Navy lends its ears to high-tech whale watchers

August 23, 1993|By New York Times

It is hard to track the blue whale, at up to 170 tons the ocean's largest creature, which has almost been killed off by commercial whaling and is now listed as an endangered species. Attaching radio beacons to the behemoth is difficult, and visual sightings are too sporadic to give real insight into its behavior.

So biologists were delighted early this year when, with the help of the Navy, they were able to track a particular blue whale for 43 days, doing nothing more intrusive than monitoring its sounds. The feat was possible because of the Navy's formerly top-secret system of underwater listening devices spanning the oceans.

The whale, nicknamed Old Blue, was followed as it swam southward in the Atlantic Ocean from an area off Cape Cod to Bermuda, Florida and back again to an area north of Bermuda. All told, a trek of about 1,500 miles was closely monitored.

"It's a big deal," Adam S. Frankel, a marine biologist at Cornell University, said of the Navy's surveillance system. "It's got the potential to completely revolutionize everything we do."

Tracking whales is but one example of a heady new world just opening to civilian scientists after the Cold War as the Navy starts to share and partly unveil its global network of underwater listening gear, built over the decades to track the ships and submarines of potential enemies. The system is estimated to have cost $15 billion.

Other scientists have proposed to use the network for tracking ocean currents by listening to the beeps of drifting buoys, measuring changes in ocean and global temperatures by watching for shifts in the speed of sound in water and receiving acoustic data from remote sensors designed to detect such things as tsunamis and chemical spills.

The Navy, in a statement, called the surveillance system "an unmatched acoustic observatory" for studying the world's oceans, adding that it had "tremendous potential to contribute to a variety of national agendas, both military and civilian."

The speed of sound in water is roughly one mile a second -- slower than through land but faster than through air. Most important for eavesdropping, different layers of ocean water can act as conduits for sounds, focusing them in the same way a stethoscope does when it carries faint noises from a patient's chest to a doctor's ear. This focusing is the main reason that even relatively weak sounds in the ocean, especially low-frequency ones, can often travel thousands of miles.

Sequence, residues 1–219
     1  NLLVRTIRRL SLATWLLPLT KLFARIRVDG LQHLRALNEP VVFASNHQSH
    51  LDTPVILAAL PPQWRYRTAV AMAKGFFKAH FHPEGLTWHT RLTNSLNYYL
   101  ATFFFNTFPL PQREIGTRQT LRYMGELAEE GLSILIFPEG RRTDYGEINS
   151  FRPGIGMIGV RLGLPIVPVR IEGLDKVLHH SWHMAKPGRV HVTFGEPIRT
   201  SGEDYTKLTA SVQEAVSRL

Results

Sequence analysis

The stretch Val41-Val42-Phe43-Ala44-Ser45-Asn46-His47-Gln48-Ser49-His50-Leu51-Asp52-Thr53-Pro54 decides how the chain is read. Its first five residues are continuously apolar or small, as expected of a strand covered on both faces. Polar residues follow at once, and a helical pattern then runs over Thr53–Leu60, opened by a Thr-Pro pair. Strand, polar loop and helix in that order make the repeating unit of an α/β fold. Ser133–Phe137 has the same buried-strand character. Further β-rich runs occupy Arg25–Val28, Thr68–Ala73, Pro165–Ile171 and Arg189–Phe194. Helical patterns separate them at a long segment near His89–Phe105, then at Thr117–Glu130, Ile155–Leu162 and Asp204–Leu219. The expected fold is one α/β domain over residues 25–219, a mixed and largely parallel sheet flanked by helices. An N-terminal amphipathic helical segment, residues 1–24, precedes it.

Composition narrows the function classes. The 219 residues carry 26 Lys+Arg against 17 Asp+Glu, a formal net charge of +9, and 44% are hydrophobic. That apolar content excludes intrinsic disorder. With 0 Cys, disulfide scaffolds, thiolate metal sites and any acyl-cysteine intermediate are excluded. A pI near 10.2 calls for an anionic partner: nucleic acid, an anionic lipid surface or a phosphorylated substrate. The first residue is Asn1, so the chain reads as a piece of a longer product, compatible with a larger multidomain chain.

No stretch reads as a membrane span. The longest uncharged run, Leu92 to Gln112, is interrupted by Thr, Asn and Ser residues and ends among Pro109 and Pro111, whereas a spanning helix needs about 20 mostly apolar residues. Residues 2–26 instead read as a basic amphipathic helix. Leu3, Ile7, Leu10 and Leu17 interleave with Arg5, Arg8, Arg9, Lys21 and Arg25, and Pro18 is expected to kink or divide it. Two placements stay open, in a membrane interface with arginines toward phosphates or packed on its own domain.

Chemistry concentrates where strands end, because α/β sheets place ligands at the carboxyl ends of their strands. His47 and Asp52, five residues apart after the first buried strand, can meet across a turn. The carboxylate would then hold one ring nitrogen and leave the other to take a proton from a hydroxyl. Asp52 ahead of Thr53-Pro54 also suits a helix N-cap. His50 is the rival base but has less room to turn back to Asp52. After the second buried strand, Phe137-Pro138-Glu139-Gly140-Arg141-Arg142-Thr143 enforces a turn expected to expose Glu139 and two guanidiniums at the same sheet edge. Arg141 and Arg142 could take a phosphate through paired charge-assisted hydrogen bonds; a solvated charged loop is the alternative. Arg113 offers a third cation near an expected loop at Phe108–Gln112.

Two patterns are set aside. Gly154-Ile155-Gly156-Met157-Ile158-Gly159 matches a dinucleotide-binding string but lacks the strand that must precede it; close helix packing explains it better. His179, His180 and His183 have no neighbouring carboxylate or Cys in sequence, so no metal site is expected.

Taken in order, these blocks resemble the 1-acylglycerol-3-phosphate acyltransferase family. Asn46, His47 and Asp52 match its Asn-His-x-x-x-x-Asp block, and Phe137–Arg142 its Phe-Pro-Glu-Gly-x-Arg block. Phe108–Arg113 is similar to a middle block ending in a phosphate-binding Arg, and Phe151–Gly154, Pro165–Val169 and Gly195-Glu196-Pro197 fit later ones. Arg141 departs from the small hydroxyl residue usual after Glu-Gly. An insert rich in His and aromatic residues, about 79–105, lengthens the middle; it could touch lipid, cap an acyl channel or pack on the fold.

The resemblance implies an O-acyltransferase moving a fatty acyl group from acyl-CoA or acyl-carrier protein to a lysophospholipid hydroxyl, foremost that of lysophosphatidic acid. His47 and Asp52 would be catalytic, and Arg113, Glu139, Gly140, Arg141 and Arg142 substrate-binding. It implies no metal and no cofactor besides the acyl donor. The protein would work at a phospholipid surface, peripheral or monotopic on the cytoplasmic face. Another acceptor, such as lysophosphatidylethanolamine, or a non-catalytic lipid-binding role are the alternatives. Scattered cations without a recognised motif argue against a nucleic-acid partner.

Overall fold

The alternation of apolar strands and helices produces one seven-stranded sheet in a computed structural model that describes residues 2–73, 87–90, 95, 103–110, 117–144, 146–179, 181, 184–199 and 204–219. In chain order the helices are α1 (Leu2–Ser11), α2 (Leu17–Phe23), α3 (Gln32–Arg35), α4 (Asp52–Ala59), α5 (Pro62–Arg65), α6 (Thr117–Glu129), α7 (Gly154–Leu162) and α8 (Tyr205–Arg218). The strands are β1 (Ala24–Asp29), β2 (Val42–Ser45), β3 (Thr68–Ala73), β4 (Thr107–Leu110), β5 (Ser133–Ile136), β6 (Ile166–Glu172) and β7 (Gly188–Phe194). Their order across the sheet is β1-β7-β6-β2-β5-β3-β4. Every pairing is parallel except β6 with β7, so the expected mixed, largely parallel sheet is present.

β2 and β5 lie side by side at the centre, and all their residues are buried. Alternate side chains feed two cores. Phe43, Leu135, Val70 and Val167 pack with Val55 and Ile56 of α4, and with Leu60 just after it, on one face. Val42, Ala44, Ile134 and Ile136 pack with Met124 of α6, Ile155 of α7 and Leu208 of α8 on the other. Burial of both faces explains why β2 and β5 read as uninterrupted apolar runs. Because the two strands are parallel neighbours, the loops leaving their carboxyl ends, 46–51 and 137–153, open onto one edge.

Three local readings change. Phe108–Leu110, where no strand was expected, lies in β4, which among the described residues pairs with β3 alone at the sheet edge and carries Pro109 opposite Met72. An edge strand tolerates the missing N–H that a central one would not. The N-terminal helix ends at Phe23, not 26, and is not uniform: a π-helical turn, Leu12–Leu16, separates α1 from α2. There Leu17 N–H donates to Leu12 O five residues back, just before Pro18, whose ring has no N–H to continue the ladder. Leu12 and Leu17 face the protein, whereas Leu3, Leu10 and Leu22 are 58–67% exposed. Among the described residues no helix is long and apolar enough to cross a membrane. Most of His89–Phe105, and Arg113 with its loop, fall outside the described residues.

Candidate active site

The Navy, from the earliest days of the Cold War, worked hard to exploit such properties. The effort evolved into the listening system known as the Underwater Sound Surveillance System, which consists of long chains of underwater microphones planted on continental shelves. The physical separation of these undersea ears allows analysts and computers on shore to estimate the bearing, depth and distance of a source of sound.

The results of the Navy's sharing of the listening system with civilian researchers is often stunning. Last November the Navy began working with civilian whale experts, including Christopher W. Clark, a Cornell biologist who had pioneered a technique using sounds for counting bowhead whales as they migrate under the Arctic ice.

Clark helped train Navy technicians, who proceeded to log tens of thousands of whale contacts. The civilian scientists, to their surprise, discovered a din of whale songs and sounds not unlike the animal noises that fill the air of any forest.

Ultimately, the listening program may help solve the fundamental mystery of why whales make the sounds they do. Some scientists believe these may be partly for communication, and partly for use as a kind of low-frequency sonar that helps them navigate or find food.

In the future, the Navy's surveillance system may help settle the question of whether the planet and its oceans are growing warmer.

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